Businesses today are increasingly international in scale. More accessibility to technology that can help with e-commerce and delivery services has made it easier than ever for businesses to expand overseas, but how can they ensure success for both themselves and their customers?

You may already be working in a new market. Whether that’s Europe, South America or Asia – you need to prepare effectively. So, what can you do to make sure your expansion goes as smoothly as possible? Here are our tips:

 

Make yourself local

 

One of the major challenges you face when expanding into new territories with different languages is making yourself accessible to consumers. You already have competitors who are well established in the market, so you have to give yourself every advantage. One way to do this is to make yourself as ‘local’ as possible. Initially translating and localizing website copy, domains, and details will ensure you’re well equipped, but there are other considerations too.

 

Localization seems to be particularly important for mobile users, with 61% of smartphone users revealing they want ads customized to their immediate surroundings, so make sure your mobile presence is not only search optimized but you also have local advertising ready for your new market, too.

 

Customers appreciate having local listings such as phone numbers so that they can call with queries without heavy international call costs. Businesses should invest in toll-free numbers, which mean consumers can either call for free or at the same cost as their local rate. Businesses simply pay a modest fee in return for the service and you can even choose your own numbers for promotional purposes. Learn more about toll-free numbers here.

 

Use social

 

 

Social media is invaluable for businesses worldwide and is now a necessity rather than an option. When you work internationally, it can give you great opportunities to start planting the seed of your business in new markets.

 

You should always try to set up new social accounts in any new markets you work in so that you can directly communicate with your new audience in their language. That way you can offer exclusive, market-specific content without alienating your current audience. Whilst 50% of Facebook users speak a language other than English, 9 out of 10 European Facebook users say they still prefer to browse in their own language, so it really pays to translate.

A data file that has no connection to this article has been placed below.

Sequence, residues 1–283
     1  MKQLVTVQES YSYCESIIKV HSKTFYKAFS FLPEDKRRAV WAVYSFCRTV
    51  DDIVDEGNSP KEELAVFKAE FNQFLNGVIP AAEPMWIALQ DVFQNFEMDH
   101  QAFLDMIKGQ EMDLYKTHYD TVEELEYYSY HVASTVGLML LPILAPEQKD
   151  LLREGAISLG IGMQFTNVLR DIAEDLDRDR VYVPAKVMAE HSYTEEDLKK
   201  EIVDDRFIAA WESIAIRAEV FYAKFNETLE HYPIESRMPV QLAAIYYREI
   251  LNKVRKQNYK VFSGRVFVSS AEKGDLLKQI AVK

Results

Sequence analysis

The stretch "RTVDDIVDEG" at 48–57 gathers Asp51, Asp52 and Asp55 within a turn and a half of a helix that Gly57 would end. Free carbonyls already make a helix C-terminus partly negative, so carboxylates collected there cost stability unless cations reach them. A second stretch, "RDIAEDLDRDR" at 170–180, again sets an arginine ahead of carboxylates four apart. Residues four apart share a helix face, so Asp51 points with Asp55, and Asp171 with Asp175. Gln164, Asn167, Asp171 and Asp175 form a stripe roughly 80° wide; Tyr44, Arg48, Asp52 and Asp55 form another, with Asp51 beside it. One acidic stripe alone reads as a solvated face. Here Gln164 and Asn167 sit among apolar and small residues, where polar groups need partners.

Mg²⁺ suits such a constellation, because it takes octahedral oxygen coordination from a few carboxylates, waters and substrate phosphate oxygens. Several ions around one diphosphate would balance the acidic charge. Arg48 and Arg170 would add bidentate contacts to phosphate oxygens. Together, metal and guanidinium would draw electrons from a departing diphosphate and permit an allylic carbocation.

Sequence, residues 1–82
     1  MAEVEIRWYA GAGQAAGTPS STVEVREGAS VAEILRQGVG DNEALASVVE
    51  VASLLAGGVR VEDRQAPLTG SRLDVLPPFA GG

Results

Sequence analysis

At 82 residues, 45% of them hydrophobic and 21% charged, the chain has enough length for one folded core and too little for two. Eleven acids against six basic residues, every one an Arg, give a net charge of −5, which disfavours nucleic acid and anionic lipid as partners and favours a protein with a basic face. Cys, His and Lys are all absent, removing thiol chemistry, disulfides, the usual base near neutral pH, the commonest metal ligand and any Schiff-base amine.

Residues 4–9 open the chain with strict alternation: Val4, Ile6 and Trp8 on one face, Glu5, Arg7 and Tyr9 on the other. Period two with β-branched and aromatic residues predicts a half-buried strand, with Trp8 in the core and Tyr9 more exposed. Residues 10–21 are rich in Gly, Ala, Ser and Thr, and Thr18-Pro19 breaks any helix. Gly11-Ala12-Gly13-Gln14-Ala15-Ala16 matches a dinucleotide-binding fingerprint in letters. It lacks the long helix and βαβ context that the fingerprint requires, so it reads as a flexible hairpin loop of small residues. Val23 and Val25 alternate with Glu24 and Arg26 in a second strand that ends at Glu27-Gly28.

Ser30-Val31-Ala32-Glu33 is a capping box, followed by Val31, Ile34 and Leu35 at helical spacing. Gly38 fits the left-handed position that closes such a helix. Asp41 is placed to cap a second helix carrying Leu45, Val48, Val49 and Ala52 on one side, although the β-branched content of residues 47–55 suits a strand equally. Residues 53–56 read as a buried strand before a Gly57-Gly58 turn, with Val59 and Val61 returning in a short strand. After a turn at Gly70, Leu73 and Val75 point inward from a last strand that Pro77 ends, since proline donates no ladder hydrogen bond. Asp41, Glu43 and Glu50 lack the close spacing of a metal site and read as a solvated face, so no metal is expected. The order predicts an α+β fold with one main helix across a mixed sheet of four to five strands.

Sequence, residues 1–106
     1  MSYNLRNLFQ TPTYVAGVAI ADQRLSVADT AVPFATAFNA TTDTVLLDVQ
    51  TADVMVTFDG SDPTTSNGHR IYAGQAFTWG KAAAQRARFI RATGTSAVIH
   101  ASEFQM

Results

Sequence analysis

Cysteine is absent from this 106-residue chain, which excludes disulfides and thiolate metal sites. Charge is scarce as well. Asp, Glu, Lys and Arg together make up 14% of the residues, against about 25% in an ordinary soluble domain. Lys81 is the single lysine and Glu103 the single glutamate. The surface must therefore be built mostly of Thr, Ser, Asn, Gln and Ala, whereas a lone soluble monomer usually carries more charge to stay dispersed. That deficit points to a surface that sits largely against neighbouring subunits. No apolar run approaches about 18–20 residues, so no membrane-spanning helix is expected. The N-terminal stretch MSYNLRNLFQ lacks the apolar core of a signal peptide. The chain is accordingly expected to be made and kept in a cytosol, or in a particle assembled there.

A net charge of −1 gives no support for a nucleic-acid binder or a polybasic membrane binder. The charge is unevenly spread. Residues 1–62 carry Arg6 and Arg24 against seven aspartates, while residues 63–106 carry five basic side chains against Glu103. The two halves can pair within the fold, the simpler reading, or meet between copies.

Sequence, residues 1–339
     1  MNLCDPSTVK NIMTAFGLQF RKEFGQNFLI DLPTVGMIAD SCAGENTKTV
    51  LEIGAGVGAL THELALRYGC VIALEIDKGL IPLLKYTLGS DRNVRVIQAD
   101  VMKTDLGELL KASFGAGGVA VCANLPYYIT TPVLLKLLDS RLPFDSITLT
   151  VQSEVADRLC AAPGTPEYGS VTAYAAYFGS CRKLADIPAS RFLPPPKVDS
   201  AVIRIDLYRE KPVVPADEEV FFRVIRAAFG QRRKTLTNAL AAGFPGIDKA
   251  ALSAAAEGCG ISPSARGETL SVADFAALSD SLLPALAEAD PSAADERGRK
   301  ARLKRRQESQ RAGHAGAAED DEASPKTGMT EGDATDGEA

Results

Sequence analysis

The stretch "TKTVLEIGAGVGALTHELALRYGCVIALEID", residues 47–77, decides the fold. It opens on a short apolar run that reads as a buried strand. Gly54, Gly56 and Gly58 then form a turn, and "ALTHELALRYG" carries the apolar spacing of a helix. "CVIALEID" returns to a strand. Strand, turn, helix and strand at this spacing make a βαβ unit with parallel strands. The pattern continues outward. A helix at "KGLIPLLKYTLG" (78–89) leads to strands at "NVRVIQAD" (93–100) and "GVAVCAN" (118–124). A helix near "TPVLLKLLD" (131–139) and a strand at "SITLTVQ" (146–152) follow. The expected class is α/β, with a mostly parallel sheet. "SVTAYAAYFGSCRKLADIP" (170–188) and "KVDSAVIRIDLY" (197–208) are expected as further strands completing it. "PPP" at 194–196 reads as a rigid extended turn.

Social also has some great tools to help you target new audiences in your market. You can easily advertise to specific user groups using demographic targeting, utilizing metrics such as age, sex, and even the interests they have. Get advice on how to use Facebook demographic targeting here.

 

Hire people who know your market

 

Hiring native speakers isn’t just about getting people who speak your target language, they can give you invaluable insight into how their market works. They will be culturally clued into where you’re expanding into and will most likely know your customer better than you do. Even if you don’t have an office in the market you’re looking at, get advice or hire on-the-ground staff to conduct research and help you get a better grasp of the situation. A large part of language is cultural, so even if you have someone who majored in French at college, they’re not going to be as valuable as a native speaker.

 

 

Not only will their expertise help you target customers more efficiently, but if you work in a B2B environment, it will help you establish business relationships easier. Clients and partners will also appreciate working with people who have an understanding of the country they’re based in.

 

It’s not just the spoken word, either. In 2012, the Journal of Business Communication analyzed hundreds of business letters by both native-born Americans and non-native Americans and their findings strongly “indicated that the native speakers’ letters overall deviated less from US business communication practices than the non-native speakers’ letters did.”

 

Be patient and prudent

 

Expansion doesn’t happen overnight – you have to be prepared to put not only money into your business but a lot of time, as well. If you’ve done your research, invested wisely, and hired the right people, then your business should succeed. It might just take longer than you initially thought.

 

It’s easy to get caught up in the excitement of an overseas expansion, but you still need to take care of your business at home. You need to put money into expanding, and you probably won’t be profitable when you first start out, but set yourself budgets and stick to them no matter what. Risk-taking can be a positive thing, but not if it means losing everything. Ensure you have contingency funds left over for unforeseen circumstances within your budgets.

 

Mike Kamo, VP of marketing for Strideapp, stresses the importance of pre-planning: “Measure local and regional demographics and spending trends, future development plans for the area, and other pertinent issues before moving forward. You must [follow these steps] to avoid failure.”­­­­

 

Have your own tips on how to deal with expansion? Have you experienced it yourself? Let us know on Twitter at @TFFSocial.